Biochemistry and Molecular Biology
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Anthony Filiano, Ph.D.

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Anthony FilianoFrom eating lunch with a Nobel laureate (Penn State alum Paul Berg), to making yogurt with live bacterial cultures, the opportunities I encountered in the BMB department at Penn State have undoubtedly contributed to my successful training as a scientist.

I graduated from the Microbiology program in 2001. During my tenure at Penn State, I most enjoyed how hands-on research experience is stressed in the lab curriculum, in addition to the ample research opportunities available to undergraduates. I worked in 2 labs, one isolating cold-active lipases (lab of Dr. Jean Brenchly) and another looking at the role of a novel receptor in substance abuse (lab of Dr. Kyung-An Han). These exposures not only sparked my interest in molecular biology and neuroscience, but gave me an edge when applying for summer internships.

In the summers after my sophomore and junior years, I worked in labs at the University of Pittsburgh, which resulted in my first peer-reviewed publication and a fellowship award from the American Society for Pharmacology and Experimental Therapeutics.  Following graduation at Penn State, I furthered my studies at the University of Alabama at Birmingham (UAB) and the University of Rochester, where I received a Ph.D. in Cell Biology. Currently, I am a postdoctoral fellow in the department of Neurology at UAB.  We use a variety of biochemical and electrophysiology techniques to study neuronal dysfunction in mouse models of dementia.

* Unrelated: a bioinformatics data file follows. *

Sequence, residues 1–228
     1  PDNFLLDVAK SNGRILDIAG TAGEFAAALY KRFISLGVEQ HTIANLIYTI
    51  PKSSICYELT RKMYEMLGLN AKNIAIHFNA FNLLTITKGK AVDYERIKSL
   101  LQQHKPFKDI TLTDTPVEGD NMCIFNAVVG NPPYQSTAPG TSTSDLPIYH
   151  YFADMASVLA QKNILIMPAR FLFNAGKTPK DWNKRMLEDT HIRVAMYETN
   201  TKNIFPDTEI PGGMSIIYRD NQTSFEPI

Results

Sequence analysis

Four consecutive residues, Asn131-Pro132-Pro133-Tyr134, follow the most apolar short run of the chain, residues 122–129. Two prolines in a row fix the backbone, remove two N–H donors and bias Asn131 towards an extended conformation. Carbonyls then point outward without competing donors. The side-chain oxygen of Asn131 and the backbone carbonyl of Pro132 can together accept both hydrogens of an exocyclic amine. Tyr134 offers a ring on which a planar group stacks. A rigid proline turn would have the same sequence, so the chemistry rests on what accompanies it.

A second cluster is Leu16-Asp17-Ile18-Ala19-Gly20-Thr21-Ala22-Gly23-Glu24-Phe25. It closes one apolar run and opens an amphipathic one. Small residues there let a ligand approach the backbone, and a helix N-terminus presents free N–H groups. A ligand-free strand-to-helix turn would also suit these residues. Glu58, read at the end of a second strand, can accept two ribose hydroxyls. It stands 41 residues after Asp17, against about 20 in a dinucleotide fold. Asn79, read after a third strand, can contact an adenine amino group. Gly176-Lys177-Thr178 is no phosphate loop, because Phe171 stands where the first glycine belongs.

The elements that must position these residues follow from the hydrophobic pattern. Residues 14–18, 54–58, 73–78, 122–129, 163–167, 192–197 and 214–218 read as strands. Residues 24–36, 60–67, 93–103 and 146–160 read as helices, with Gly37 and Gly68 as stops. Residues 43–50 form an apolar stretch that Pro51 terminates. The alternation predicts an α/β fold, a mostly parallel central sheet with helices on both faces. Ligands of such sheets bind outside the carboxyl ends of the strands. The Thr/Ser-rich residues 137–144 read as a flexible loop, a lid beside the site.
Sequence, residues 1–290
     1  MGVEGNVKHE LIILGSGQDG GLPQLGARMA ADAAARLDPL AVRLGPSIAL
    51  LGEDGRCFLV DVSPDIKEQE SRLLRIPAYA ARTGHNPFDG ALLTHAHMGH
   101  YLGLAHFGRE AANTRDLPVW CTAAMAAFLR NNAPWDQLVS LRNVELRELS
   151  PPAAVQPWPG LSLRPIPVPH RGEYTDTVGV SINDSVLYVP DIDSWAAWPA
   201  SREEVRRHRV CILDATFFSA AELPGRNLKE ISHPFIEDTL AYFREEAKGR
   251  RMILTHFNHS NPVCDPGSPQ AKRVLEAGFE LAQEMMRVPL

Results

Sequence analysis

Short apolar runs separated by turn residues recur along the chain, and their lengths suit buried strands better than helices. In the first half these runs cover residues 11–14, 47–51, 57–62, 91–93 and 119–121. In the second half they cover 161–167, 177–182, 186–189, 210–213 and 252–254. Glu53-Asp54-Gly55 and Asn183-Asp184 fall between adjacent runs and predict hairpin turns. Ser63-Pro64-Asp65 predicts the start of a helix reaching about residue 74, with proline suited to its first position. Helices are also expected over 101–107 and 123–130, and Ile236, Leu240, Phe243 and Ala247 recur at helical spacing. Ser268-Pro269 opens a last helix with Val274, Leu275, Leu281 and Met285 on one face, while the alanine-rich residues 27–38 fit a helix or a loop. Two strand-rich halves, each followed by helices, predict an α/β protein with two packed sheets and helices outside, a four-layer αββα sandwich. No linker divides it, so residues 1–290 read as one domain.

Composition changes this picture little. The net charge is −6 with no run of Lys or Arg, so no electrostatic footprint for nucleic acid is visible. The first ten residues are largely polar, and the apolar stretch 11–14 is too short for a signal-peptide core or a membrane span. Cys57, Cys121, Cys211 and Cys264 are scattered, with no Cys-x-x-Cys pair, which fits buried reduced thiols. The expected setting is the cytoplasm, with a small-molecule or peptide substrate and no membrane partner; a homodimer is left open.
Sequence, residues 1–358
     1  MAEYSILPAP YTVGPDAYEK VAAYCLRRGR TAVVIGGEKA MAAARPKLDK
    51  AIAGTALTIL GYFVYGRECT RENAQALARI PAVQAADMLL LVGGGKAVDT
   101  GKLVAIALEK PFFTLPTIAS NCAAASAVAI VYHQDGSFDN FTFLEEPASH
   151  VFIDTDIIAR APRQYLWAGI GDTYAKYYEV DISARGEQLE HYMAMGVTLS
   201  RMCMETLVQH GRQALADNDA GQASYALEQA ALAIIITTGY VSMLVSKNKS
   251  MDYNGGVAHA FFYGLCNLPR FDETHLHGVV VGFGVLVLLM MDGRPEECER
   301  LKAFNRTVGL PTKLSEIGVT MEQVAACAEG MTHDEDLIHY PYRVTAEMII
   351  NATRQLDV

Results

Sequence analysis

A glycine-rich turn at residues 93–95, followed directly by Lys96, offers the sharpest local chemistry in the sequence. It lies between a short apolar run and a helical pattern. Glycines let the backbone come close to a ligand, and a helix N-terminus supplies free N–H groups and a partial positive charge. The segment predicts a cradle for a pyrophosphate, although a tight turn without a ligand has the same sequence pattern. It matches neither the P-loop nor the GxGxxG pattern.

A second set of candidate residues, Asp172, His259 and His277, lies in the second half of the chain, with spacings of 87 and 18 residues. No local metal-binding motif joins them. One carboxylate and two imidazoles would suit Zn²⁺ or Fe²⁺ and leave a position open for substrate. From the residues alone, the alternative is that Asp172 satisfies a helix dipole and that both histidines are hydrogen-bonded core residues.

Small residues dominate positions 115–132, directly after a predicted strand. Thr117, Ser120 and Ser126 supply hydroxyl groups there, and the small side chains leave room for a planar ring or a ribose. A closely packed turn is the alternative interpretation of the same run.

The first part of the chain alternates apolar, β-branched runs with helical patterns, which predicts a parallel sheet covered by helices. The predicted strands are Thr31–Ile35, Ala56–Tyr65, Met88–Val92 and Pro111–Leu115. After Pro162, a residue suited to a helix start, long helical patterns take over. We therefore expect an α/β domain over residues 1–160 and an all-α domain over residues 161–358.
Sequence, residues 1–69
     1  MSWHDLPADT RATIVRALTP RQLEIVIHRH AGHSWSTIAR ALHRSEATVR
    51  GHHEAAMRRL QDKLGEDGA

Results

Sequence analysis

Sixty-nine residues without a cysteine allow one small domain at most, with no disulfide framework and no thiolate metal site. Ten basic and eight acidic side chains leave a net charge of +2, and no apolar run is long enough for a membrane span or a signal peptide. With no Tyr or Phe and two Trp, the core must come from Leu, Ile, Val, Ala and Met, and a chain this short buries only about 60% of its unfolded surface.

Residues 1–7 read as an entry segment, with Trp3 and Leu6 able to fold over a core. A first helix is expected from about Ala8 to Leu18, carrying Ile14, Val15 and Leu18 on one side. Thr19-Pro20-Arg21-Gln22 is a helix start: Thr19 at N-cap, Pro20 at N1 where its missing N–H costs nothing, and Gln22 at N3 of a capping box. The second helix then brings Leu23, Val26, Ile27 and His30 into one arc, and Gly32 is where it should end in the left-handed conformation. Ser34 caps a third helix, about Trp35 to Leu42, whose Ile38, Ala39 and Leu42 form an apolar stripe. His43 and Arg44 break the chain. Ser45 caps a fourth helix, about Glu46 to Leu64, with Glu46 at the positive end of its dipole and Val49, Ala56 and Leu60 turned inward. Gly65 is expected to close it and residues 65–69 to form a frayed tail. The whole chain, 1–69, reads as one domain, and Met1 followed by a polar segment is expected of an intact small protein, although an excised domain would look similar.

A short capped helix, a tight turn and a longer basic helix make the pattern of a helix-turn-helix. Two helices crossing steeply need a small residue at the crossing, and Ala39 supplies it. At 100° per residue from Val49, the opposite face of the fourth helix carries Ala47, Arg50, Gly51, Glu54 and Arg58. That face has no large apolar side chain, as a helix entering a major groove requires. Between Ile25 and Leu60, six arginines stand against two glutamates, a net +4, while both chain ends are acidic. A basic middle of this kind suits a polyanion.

Even in my first year of graduate school, it became evident that my scientific training at Penn State had really equipped me for a successful graduate experience. While others were learning basic scientific fundamentals, my first laboratory rotation culminated in a publication. My thesis work, which investigated gene regulation during a stroke, was funded through individual fellowships from the American Heart Association and the National Institutes of Health.

Matriculation through the microbiology program at Penn State, not only was a wonderful experience inside and outside the classroom and lab, but I still reap the benefits as a Penn State alumni. Attending graduate school over 800 miles from State College, I was surprised to see the familiar faces of fellow Penn State alums the first day of class. It wasn’t long before many of us would gather together to watch Penn State sporting events. Also, getting in touch with the local Alumni Association has been a great resource and networking tool.

As a whole, the education I received from the BMB department at Penn State positioned me as a highly competitive applicant for summer internships and graduate schools. As a postdoctoral fellow, I am still benefiting from my Penn State education and expect the same as I continue in my career as a principal investigator.